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ARS Home » Southeast Area » Byron, Georgia » Fruit and Tree Nut Research » Research » Publications at this Location » Publication #393158

Research Project: Healthy, Sustainable Pecan Nut Production

Location: Fruit and Tree Nut Research

Title: Evaluating the accuracy of visual estimation of the incidence of phony peach disease (caused by Xylella fastidiosa)

item JOHNSON, KENDALL - University Of Georgia
item Bock, Clive
item BRANNEN, PHILLIP - University Of Georgia

Submitted to: American Phytopathological Society Annual Meeting
Publication Type: Abstract Only
Publication Acceptance Date: 5/24/2022
Publication Date: 11/1/2022
Citation: Johnson, K.A., Bock, C.H., Brannen, P. 2022. Evaluating the accuracy of visual estimation of the incidence of phony peach disease (caused by Xylella fastidiosa). American Phytopathological Society Annual Meeting. Vol 112:S3.71.

Interpretive Summary:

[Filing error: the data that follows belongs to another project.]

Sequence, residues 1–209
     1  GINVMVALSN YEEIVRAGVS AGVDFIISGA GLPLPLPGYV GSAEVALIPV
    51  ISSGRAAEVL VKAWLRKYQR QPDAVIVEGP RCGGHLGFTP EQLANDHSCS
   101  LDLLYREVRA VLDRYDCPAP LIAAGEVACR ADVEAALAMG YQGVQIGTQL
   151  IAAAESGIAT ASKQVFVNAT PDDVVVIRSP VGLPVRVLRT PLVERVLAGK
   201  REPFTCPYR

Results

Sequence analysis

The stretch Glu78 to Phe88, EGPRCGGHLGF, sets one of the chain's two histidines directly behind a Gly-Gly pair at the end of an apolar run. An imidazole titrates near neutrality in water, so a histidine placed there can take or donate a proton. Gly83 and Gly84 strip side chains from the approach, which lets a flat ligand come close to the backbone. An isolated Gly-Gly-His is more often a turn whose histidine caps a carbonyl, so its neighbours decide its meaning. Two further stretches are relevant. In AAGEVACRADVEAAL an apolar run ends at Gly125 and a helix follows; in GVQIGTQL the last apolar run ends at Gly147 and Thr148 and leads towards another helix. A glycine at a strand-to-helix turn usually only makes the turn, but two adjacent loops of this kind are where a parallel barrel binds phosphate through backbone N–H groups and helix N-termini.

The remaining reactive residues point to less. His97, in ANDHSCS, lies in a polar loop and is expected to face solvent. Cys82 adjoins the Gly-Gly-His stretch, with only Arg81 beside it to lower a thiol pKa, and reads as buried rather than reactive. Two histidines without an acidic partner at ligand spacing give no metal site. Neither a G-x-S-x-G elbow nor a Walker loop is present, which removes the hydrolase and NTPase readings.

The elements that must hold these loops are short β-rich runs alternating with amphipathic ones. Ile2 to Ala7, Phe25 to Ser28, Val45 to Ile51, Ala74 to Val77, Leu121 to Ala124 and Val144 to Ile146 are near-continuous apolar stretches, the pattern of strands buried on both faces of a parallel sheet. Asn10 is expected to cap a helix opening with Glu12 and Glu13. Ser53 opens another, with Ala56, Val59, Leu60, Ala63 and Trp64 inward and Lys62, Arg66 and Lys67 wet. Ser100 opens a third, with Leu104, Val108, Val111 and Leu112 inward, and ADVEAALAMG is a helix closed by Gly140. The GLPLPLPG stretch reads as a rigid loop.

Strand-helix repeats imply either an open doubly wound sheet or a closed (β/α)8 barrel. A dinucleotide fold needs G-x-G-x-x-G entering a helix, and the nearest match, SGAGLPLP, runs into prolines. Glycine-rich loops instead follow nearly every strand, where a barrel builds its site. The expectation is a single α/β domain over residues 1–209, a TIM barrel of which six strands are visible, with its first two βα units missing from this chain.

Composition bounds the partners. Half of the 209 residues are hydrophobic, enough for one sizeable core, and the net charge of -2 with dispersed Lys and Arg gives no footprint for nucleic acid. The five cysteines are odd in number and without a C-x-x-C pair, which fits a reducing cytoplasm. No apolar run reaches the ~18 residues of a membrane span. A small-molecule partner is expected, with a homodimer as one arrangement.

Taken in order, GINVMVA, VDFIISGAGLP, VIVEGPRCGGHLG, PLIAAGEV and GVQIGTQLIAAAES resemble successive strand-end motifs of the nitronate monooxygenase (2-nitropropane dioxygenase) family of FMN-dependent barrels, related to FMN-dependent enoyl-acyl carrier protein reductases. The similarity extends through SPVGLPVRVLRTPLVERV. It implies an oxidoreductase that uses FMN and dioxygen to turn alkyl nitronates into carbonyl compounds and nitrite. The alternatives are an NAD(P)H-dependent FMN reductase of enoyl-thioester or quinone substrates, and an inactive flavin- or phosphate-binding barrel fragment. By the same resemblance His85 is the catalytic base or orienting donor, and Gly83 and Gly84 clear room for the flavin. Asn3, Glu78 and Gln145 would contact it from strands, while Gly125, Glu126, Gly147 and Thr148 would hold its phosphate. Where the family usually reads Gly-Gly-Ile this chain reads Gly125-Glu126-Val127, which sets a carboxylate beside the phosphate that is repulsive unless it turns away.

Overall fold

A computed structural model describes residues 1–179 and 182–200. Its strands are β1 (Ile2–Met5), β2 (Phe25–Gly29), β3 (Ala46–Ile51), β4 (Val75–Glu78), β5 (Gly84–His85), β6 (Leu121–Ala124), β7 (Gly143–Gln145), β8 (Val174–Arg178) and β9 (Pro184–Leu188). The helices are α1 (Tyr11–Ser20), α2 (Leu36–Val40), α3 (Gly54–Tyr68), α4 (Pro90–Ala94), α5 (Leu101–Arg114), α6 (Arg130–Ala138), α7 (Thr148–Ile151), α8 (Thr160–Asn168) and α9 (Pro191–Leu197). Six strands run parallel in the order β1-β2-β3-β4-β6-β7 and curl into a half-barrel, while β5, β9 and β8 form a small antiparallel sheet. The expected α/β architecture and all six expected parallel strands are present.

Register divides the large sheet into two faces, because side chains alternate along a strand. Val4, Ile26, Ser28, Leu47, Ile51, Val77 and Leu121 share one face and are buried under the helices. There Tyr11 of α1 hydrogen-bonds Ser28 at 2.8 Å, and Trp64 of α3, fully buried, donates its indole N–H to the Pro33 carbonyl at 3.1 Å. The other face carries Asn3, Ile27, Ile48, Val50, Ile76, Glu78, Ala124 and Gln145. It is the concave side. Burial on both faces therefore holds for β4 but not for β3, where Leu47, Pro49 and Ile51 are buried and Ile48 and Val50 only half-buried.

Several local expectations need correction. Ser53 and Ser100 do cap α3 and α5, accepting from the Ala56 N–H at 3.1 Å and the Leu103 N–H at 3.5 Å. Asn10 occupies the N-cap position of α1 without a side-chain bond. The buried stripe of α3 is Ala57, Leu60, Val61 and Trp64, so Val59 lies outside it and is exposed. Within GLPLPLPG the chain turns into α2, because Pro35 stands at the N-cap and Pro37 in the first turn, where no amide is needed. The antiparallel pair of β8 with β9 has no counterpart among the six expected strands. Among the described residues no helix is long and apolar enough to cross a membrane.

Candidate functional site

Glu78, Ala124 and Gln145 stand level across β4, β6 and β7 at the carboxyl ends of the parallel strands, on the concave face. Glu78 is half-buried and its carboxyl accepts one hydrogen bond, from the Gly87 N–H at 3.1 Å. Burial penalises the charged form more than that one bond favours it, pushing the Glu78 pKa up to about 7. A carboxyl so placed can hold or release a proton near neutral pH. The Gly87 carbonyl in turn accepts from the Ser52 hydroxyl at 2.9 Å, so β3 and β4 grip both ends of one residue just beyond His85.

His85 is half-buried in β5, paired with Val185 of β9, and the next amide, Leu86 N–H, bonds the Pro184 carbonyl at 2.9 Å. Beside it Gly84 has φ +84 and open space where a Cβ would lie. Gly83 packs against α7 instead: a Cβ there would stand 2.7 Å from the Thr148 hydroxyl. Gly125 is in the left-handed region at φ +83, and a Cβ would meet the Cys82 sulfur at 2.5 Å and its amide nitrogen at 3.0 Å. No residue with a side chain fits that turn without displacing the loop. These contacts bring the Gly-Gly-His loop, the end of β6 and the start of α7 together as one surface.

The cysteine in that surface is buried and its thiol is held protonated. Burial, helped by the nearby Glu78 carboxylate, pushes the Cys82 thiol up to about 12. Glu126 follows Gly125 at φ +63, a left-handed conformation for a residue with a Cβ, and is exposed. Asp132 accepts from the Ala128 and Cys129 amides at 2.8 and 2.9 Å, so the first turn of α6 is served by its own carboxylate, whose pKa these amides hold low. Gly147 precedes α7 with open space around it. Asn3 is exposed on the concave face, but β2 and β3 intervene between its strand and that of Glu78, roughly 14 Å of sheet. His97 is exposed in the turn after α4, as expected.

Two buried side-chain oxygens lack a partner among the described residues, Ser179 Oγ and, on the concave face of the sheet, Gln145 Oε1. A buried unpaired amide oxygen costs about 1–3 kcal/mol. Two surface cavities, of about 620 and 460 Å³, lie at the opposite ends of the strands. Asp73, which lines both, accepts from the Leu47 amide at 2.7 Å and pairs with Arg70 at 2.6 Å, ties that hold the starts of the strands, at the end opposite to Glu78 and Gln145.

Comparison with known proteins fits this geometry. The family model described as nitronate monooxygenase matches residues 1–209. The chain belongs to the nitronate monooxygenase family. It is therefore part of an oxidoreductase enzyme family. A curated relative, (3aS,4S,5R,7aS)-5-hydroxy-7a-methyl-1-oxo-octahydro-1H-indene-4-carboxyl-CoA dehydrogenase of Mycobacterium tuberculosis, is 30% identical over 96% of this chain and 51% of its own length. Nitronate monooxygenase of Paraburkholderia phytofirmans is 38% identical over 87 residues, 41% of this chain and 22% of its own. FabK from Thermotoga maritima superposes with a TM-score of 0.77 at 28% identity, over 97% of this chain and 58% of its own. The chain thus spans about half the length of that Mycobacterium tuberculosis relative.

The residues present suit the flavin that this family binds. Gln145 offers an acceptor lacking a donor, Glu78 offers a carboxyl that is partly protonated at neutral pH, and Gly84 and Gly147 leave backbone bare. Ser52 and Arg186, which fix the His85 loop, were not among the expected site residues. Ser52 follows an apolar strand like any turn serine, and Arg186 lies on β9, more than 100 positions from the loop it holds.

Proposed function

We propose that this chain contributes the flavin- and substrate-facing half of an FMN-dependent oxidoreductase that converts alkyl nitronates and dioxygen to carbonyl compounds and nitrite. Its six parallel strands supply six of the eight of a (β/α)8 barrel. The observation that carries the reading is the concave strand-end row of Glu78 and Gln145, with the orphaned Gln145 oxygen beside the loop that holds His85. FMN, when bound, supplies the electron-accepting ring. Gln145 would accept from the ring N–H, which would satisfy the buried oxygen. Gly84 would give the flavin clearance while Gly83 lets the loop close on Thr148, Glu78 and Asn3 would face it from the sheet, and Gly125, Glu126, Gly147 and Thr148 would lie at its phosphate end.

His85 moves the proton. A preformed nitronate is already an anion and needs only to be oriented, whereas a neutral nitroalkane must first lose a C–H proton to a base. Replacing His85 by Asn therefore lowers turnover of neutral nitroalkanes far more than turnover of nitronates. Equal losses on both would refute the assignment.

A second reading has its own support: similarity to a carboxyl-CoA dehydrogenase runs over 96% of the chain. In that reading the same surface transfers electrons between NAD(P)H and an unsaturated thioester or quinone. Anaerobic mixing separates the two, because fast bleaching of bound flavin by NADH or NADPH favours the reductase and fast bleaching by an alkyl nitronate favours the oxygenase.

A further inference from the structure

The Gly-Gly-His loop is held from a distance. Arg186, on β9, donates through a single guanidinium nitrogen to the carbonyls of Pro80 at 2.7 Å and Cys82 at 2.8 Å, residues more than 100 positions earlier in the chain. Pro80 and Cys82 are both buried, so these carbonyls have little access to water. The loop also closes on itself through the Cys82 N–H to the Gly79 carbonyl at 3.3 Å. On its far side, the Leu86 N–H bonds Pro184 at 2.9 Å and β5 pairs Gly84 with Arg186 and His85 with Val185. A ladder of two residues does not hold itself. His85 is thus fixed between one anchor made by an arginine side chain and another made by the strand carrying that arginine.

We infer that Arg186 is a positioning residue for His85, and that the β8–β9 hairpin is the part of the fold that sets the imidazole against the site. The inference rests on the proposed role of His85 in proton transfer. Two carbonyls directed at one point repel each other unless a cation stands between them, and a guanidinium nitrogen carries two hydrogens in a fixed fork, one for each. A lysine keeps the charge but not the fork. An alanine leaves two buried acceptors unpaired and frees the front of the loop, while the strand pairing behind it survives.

Technical Abstract: Peach (Prunus persica) is an economically important fruit crop in Georgia. Phony peach disease (PPD) is a reemerging disease caused by Xylella fastidiosa (Xf) subsp. multiplex in central and southern Georgia. Early, accurate detection and rapid removal of symptomatic trees are crucial to effective disease management. Currently, producers rely solely on visual identification of symptoms to confirm PPD, which can be ambiguous if early in development, and may be confused with other causes. In this experiment, we compared visual assessment to qPCR for detecting Xf in an orchard of 263 peach trees in 2019 and 2020. Root samples were collected from each tree for detection by qPCR. With no prior knowledge of qPCR results, each tree was subject to visual assessment by a cohort of 5 experienced and 5 inexperienced raters. Experienced raters were familiar with symptoms of PPD, and inexperienced raters were provided with instruction. Accuracy of estimation for inexperienced raters ranged from 0.685 to 0.898 in 2019 and from 0.765 to 0.919 in 2020. For experienced raters, accuracy ranged from 0.846 to 0.910 in 2019 and from 0.878 to 0.929 in 2020. No significant difference was observed between years (p = 0.4) or between experienced and inexperienced rater groups in 2019 (p = 0.08), but there was a significant difference between rater groups in 2020 (p = 0.008). Visual identification of PPD has variable accuracy and in some cases may benefit from experience, but further research is needed to develop accurate methods of detection to aid management of PPD as both false positives and false negatives have a cost.